Attorneys Donald Scott and John MacFadyen, representing NL Industries in the historic Rhode Island Lead Paint Public Nuisance II, might just be providing the RI Supreme Court with a narrow passageway through the maze of issues presented by both the defendants and the plaintiff. That "exit strategy" could be the High Court's own ruling in Wood v. Picillo, a hazardous waste storage case. This was the same line of argument that the National Paint and Coatings Association Inc. used in its amicus brief to the RI Supreme Court. That Court will hear oral arguments on RI II on May 8th.
Wood v. Picillo, contend Scott/MacFadyen, contains a classic case of how public nuisance had been understood and treated in trials prior to RI II. Public nuisance was conventionally "confined to site-specific conditions that impinge of publicly-shared rights." Typical of those are the smelly waste dump which contains myriad health hazards, including attracting children, and the factory which regularly releases pollutants into a waterway. In those situations it was the owner who was treated in law as the responsible party, not the manufacturer of the products.
Wood v. Picillo fits this template. The nuisance, state the authors of this brief, was "ongoing, intentional dumping of pollutants at a specific site, causing downstream damage to users of a public water resource. The conduct was tortious because it was intentional and was condemned by the science available at the time the dumping took place."
Because the trial court in RI II misunderstood and/or misapplied this precedent, the result, assert Scott/MacFadyen, has been a "legal hermaphrodite." They go on to expand on this metaphor. In this "legal hermaphrodite," they say:
"The cause of action was styled nuisance, but was actually based on sales of a product ingredient; it imposed extraordinary liability reaching far outside the parameters of traditional common law nuisance, yet did not require proof of knowledge, or negligence, or defect, or intentional infringement of a public right. It made the target corporations into insurers, not only of their own century-old products, but of an entire industry's century-old products; and it made them not only insurers against actual harm caused by the industry's products, but also against any harm which might occur in the future as paint containing lead pigments deteriorates from property owner neglect."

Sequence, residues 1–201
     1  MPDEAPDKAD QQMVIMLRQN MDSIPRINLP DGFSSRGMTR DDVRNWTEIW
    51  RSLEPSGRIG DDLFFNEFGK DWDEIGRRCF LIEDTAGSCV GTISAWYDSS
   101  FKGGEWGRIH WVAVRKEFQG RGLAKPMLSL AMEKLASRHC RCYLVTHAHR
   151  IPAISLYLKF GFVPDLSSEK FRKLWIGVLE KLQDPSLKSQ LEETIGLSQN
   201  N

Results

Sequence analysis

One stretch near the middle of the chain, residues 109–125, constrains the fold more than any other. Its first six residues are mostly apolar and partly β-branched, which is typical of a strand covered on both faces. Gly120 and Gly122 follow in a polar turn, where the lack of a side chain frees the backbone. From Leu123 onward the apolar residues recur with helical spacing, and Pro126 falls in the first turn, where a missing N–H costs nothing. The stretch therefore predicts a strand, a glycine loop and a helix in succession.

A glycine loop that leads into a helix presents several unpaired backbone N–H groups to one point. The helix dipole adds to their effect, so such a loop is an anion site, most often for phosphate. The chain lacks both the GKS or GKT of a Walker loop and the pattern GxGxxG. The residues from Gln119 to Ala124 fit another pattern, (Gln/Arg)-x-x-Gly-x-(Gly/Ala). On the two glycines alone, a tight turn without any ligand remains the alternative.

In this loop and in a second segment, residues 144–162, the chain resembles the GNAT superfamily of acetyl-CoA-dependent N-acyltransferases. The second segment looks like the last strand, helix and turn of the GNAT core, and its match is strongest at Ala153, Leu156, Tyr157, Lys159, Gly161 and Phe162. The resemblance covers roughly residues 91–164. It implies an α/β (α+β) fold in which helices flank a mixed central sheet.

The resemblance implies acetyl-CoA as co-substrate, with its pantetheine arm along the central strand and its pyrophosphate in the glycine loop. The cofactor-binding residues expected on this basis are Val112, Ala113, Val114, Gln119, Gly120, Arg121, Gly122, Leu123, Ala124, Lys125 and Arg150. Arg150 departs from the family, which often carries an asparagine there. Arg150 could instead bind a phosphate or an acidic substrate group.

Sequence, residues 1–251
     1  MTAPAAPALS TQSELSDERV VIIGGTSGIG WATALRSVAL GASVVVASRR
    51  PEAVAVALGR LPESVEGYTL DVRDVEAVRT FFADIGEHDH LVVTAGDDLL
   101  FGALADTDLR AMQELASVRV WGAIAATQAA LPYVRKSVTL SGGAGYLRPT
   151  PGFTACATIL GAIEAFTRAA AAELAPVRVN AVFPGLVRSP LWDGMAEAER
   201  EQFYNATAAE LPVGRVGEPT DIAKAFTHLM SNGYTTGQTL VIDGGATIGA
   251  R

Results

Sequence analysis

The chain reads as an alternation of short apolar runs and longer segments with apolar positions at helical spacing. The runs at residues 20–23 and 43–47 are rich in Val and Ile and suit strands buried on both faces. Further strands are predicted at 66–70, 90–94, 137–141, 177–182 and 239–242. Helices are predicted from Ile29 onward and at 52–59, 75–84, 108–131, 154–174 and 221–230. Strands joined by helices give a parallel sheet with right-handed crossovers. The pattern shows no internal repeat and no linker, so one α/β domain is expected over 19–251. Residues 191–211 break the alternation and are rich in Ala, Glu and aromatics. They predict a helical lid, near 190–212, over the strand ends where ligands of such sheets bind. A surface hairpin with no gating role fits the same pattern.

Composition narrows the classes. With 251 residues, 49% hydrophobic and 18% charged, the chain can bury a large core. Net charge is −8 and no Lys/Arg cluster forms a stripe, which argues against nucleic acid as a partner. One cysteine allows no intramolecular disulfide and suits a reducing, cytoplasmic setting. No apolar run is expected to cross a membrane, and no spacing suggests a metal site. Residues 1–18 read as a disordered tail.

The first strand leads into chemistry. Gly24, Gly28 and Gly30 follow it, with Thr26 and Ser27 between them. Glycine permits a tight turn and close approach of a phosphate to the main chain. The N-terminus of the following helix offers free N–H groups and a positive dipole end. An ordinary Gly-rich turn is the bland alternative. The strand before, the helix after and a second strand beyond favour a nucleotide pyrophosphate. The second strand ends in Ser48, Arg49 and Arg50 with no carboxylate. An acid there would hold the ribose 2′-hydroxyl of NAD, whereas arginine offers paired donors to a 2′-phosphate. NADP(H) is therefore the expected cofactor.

Specifically, these defense attorneys claim three errors:
- Whether the lower court erred in refusing dismissal of the Amended Complaint and granting judgment in favor of defendants based on the ground that historic suppliers of lead pigments are not liable in public nuisance for claims of harm or risk predicated on the existence of lead pigments in paint used in Rhode Island buildings.
- Even if the doctrine of common law public nuisance can be applied to the suppliers of lead pigments, whether the retroactive imposition of liability under the expanded public nuisance doctrine would deprive defendants of due process of law.
- Even if the doctrine of common law public nuisance can be applied to the suppliers of lead pigments, there is the question of whether the lower court erred in its instructions to the jury concerning knowledge and fault.
What the legal representatives for NL Industries request from the RI Supreme Court is "to grant their appeal, to reverse the judgment of the trial court and to remand the case for entry of judgment in their favor. In the alternative , for the reasons stated ... in this brief, defendants ask this Court to grant their appeal, to vacate the judgment ... and to remand the case for a new trial."
A copy of this NL Industries' brief is available at no charge from me at Jgenova@att.net.